Earlier I wrote about Ariel, my new bytecode, stack-based interpreter. One of the biggest grievances I had with it was the fact that it was written in Java. Ordinarily I would never shy away from using Java, but the recursive nature of that proposition in this context is mind-numbingly stupid. Coming from a strict C-based shop my first instinct was to use C. Five hours of reinventing the “standard library” wheel, I realized I was just spinning my own wheels: I don’t know how to make that wheel rounder, and it wasn’t the time to learn more about it either. C is largely ill suited for the object oriented programming I am used to. A coworker suggested I try C++. After getting over my initial nausea, I sat down to write.
Work on porting Ariel to C++ is on its third day, and is more or less complete. The same sample factorial program takes less time to execute than the JVM needs to startup on my aging T43 when compiled using Cygwin’s GCC; using MSVC or ICC cuts that number roughly in half. On my MacBook Pro, though, that same program executes in less than hundredth of a second. This is not bad for a few days of work, if I do say so myself. The only part of the original implementation is the more robust syntax features (specifically block definition) that required some ugly regular expressions. I’ve decided to ignore these features for now and instead focus on bolting on a true grammar.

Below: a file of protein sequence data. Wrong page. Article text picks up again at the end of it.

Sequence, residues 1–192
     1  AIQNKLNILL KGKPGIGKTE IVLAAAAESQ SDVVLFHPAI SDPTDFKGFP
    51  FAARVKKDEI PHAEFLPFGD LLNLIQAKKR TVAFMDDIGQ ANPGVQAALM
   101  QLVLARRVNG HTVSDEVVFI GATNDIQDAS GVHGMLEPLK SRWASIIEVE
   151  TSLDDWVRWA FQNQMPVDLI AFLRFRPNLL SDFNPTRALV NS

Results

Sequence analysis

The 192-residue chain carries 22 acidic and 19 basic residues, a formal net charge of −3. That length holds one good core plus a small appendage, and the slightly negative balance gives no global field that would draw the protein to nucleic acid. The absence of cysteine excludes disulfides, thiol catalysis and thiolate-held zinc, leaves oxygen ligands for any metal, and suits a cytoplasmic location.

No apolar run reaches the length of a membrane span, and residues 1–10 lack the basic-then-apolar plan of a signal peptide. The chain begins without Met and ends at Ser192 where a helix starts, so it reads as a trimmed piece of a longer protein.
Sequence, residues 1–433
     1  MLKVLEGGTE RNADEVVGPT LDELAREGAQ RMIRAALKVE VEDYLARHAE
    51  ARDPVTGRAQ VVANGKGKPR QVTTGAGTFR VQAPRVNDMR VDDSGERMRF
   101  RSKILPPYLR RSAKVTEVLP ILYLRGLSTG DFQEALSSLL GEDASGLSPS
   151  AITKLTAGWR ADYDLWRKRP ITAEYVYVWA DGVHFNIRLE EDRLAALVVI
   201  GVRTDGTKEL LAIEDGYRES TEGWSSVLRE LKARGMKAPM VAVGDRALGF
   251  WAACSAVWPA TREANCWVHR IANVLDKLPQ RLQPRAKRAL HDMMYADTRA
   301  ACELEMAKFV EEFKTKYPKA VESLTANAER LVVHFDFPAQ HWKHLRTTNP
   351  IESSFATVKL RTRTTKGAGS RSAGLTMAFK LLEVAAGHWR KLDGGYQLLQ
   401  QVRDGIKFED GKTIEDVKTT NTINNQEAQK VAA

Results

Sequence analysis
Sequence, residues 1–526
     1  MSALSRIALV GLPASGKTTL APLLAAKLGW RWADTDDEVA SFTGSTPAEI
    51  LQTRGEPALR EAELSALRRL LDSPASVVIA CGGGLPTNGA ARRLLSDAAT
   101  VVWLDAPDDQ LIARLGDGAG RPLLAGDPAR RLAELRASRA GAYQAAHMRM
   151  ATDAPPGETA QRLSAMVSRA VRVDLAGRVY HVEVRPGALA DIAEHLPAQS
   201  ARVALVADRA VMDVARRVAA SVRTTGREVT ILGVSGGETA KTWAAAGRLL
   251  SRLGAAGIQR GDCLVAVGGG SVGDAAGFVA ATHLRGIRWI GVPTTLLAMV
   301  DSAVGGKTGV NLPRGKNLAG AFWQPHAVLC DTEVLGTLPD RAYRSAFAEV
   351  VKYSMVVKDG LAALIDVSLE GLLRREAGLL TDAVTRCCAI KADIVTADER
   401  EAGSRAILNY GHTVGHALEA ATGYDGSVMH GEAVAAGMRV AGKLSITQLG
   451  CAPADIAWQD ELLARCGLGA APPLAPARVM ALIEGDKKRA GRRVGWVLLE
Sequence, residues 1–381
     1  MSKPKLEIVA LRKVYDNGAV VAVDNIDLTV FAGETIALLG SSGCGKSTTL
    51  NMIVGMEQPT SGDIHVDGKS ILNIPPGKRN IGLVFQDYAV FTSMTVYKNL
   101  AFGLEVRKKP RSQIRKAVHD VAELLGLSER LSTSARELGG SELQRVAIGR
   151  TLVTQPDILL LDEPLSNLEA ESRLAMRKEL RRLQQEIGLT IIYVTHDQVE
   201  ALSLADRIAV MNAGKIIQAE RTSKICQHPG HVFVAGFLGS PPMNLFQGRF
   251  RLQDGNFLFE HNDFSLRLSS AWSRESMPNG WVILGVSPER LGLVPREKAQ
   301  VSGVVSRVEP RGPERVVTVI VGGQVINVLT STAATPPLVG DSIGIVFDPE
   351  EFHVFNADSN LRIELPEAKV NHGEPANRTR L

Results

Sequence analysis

I’ll be using LEG (a slight variation of a PEG) and I’ll hopefully be inventing my own AST. peg/leg is a C project, but I did find a useful port to C++. I forked it to produce warning free compiles using GCC. All that remains after that is to figure out how to traverse that tree to produce usable bytecode. In my limited experience with C++, I’d always stuck with Qt. Ariel’s C++ implementation though uses only the STL, and that hasn’t been a bad experience at all. Sticking with member initialization on the stack greatly simplifies memory management and STL containers are provide everything I need. The only issue I’ve been having is ridiculous error messages from the compiler when using templates- gah! I dare say, though, I’m having fun! and may have to revoke my previous sentiments on the topic. I, for one, welcome our new C++ overlords.